California expands coverage to undocumented immigrants

Last month, we reviewed Governor Newsom’s budget plan with specific attention to health care spending. Gaining national attention, with particular relevance for the 2020 Presidential primaries, CA has expanded Medi-Cal coverage to undocumented residents aged 19-25.

In comparison, Presidential candidates for the 2020 presidential election have a variety of opinions on the matter. Senator Bernie Sanders said,

“I happen to believe that when I talk about healthcare as a human right that applies to all people in this country, and under a Medicare for All single payer system, we could afford to do that.”


Get the latest state-specific policy intelligence for the health care sector delivered to your inbox.


Senator Warren also supports expanding coverage to undocumented immigrants in CA. But most other Democratic candidates do not.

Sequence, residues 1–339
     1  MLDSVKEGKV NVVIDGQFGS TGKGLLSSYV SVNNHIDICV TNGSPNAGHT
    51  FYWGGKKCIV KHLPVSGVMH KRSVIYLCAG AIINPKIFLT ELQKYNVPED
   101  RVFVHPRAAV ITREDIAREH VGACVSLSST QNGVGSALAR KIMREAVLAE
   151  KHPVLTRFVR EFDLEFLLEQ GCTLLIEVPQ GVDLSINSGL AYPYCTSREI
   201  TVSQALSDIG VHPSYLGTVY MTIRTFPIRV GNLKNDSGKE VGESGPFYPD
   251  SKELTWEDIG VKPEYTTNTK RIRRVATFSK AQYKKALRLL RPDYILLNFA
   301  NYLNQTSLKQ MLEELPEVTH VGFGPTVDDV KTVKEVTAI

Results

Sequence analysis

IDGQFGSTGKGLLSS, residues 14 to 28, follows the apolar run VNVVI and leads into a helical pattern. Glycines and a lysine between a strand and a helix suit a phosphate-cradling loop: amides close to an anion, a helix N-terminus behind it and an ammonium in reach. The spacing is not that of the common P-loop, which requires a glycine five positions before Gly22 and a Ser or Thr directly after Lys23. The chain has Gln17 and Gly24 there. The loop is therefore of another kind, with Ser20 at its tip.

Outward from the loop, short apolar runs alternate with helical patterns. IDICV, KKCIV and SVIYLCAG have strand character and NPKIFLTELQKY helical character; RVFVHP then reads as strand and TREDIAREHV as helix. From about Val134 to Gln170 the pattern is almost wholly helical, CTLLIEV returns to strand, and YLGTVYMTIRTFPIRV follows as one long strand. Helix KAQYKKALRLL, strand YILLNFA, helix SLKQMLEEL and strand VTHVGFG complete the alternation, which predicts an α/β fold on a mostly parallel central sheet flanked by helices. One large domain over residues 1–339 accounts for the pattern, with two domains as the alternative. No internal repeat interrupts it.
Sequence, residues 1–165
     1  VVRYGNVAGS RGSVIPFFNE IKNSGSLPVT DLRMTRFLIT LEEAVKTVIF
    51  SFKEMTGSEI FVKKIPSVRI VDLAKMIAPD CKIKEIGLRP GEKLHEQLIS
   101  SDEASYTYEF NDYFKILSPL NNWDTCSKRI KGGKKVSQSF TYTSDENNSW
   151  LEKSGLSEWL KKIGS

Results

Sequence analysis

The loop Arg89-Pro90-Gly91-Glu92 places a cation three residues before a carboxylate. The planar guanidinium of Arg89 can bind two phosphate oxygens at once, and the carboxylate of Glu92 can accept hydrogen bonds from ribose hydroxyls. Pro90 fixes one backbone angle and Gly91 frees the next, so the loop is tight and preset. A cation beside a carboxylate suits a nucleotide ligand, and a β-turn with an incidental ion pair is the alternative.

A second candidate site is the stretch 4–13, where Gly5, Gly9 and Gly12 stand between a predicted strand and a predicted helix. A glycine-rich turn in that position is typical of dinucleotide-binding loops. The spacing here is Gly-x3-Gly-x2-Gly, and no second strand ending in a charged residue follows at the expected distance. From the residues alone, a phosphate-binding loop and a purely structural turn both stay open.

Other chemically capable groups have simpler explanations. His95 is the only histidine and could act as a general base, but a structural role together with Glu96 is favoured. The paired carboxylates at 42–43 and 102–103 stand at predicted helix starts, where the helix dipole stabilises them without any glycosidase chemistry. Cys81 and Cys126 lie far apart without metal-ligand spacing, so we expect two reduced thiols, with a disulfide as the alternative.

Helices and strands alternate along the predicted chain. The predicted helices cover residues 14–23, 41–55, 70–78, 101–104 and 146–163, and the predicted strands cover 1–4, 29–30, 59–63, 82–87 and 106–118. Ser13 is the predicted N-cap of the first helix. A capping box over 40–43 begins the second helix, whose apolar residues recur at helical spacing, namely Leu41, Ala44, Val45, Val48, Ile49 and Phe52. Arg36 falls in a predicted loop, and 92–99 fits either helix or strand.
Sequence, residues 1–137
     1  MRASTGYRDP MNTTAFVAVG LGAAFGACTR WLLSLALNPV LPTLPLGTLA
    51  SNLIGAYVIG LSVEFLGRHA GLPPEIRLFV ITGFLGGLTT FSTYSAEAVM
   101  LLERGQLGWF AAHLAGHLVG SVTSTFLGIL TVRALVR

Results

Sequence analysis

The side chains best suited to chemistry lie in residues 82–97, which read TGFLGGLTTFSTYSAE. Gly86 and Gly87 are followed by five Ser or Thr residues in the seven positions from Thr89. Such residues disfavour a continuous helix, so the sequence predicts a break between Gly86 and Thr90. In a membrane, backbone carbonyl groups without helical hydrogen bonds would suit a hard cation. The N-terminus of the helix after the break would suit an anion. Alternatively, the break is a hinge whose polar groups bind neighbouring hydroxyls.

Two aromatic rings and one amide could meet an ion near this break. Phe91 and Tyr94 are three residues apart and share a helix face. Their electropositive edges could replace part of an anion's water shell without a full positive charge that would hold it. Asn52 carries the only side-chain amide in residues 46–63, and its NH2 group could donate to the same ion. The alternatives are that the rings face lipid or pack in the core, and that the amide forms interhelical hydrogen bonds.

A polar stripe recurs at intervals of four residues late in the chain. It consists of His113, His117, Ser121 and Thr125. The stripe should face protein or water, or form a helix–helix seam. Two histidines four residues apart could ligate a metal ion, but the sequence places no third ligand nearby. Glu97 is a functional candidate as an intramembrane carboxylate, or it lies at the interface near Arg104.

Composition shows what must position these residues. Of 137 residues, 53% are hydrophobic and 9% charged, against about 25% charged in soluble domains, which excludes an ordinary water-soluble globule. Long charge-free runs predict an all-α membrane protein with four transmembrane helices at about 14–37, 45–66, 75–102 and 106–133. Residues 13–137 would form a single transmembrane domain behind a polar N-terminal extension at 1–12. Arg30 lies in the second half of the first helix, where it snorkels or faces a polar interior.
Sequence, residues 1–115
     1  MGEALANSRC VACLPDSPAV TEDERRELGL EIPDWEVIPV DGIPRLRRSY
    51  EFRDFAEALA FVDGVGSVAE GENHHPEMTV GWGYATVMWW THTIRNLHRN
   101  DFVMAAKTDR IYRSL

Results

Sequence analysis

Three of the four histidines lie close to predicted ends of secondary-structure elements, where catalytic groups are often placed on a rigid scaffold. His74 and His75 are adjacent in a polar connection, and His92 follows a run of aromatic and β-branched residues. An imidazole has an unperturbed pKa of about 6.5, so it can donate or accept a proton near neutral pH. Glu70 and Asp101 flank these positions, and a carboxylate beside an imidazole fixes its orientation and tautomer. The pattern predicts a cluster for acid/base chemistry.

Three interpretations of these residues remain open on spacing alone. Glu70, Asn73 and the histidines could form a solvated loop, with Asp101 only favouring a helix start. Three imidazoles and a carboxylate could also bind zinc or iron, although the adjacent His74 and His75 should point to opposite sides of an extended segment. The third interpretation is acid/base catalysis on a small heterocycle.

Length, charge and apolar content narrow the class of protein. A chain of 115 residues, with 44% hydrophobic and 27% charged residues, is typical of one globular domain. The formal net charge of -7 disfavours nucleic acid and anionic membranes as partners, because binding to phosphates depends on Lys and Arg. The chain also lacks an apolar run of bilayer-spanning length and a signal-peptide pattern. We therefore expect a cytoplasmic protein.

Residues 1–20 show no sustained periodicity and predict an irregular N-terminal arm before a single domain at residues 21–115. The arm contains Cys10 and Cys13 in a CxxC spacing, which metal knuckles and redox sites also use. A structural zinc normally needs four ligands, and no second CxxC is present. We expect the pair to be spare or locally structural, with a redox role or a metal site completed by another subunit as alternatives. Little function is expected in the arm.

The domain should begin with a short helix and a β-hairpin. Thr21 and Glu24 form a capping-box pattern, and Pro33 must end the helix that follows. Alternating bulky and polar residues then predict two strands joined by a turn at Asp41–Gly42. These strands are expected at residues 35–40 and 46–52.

State officials estimate that the health care program would provide coverage for about 138,000 residents at a cost of $98 million in the first year. Seventy-five percent are already covered by the Medi-Cal system, and are receiving some benefits or services under SB 75, even if they are limited in scope.

Efforts by some Democrats to include undocumented seniors in the plan were rejected by Gov. Gavin Newsom and other legislators.

Cynthia Buiza, Executive Director of the California Immigrant Policy Center, said expanding coverage is a

“wise investment in legal representation for immigrants facing deportation in a cruel and callous system.” However, in regards to expanding coverage to all, “the exclusion of undocumented elders from the same health care their U.S. citizen neighbors are eligible for means beloved community members will suffer and die from treatable conditions.”

Seven states, including California, District of Columbia, Illinois, Massachusetts, New York, Oregon and Washington cover income-eligible children when their immigration status makes them otherwise ineligible.

To help pay for the plan, the budget includes an individual mandate. The requirement that people buy health insurance or pay a fine was removed from the national health bill passed at the end of 2017.